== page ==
Another chance for peace

Another chance for peace

The tacit agreement between the government and Peace and Democracy Party (BDP) to show serenity at the funerals of three female Kurdish politicians who were killed in Paris a week ago, proved very successful. Most political observers agree that it could set a good example and provided a chance for the future peace process.

Nevertheless, we should interpret the lessons that this event taught us very carefully. First of all, it is seen that if the security forces restrain from violent reactions (by the decision of the government, of course) at public demonstrations, there end up being peaceful expressions of political protest. Then, the successful organization of the BDP showed that the BDP is a capable actor not only in mobilizing but also in controlling the masses. Otherwise, the funerals could easily have turned into political rallies with a high level of political tension.

Unfortunately, the governing party and wider Turkish public opinion have a tendency to read the picture differently and expect the BDP to do the job of policing rather than represent politicized Kurdish society. Such an evaluation of the BDP’s compliance with the government for the funerals could lead Turkey to make grave mistakes.

In fact, this is the root of the problem concerning the Kurdish issue. It is that the government (and in fact Turkish public opinion, in general) insists on imposing its own view on all actors on the Kurdish political scene. Accordingly, politicized Kurdish society and their democratic representatives, the BDP, are required not only to completely sever their ties with the armed faction, the outlawed Kurdistan Workers’ Party (PKK), but also to police its millions of sympathizers, mostly in southeast Turkey. The PKK is asked to disarm itself and its leaders are advised to seek a quiet life in foreign countries and even “to apologize to Turkey for disrupting the process of democratization in Turkey” and hindering the rise of Turkey as “a global star.” PKK leader Abdullah Öcalan is expected to call the PKK to disarm and dismantle itself without even being able to have direct communication with the actors of this political movement. This is the summary of the government’s current policies.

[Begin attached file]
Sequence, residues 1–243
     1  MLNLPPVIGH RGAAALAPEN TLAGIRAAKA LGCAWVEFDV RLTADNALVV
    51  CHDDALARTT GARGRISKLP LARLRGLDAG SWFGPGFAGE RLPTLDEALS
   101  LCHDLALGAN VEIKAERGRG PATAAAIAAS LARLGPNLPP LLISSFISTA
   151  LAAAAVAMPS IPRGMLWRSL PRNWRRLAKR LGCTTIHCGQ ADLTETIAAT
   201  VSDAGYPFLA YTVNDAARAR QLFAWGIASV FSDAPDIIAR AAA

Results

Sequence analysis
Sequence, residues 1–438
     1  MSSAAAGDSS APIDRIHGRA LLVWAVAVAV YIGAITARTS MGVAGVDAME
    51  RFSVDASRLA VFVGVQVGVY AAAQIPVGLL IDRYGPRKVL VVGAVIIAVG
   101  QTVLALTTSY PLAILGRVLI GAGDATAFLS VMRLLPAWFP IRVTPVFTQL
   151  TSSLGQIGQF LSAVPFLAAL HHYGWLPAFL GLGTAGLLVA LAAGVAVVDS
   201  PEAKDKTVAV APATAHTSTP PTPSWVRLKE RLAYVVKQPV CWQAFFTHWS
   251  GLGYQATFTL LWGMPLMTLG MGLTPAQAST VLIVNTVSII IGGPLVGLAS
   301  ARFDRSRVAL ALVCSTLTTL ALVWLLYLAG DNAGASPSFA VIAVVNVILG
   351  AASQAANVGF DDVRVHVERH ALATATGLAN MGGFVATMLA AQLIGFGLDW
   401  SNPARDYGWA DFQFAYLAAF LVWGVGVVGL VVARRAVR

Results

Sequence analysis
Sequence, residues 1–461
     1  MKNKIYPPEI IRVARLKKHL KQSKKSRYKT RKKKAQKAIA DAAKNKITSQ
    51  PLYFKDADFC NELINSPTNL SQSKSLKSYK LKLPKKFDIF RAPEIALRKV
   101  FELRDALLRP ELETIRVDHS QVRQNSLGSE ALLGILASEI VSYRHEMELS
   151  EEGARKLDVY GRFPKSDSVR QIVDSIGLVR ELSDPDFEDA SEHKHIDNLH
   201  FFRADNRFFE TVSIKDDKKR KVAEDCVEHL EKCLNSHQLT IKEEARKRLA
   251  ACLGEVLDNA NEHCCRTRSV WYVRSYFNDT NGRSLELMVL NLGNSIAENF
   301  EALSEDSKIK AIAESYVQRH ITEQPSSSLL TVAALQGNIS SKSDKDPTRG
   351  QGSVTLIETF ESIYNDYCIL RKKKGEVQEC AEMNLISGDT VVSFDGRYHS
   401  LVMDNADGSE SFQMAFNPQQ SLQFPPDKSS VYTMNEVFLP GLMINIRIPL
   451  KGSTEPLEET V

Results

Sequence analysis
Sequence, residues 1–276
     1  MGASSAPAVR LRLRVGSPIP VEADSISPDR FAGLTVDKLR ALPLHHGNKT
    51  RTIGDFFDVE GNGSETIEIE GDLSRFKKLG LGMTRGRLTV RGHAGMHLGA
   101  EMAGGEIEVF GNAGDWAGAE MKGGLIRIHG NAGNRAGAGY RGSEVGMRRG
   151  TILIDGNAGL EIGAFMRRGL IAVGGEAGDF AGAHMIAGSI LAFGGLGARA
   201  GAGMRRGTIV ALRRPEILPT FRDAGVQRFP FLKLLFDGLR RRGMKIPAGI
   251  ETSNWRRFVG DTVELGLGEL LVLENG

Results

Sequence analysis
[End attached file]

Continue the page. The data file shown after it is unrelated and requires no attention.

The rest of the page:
Nonetheless, those who hold “high expectations which are based on delusions” end up waiting for a long time for nothing, if not worse. That is why Turkey should not miss this golden chance and seek a total revision of its politics concerning the Kurdish issue. The BDP’s compliance with the government for the funerals could be a very good start. But first of all, the government should learn not to test the limits of compliance at the expense of the BDP and Kurdish politicians.

Only in the end can all of us that want a peaceful and democratic solution to the Kurdish issue ask the BDP to take a more active and responsible role, that is, only if the party is given the chance to play a role other than policing Kurds.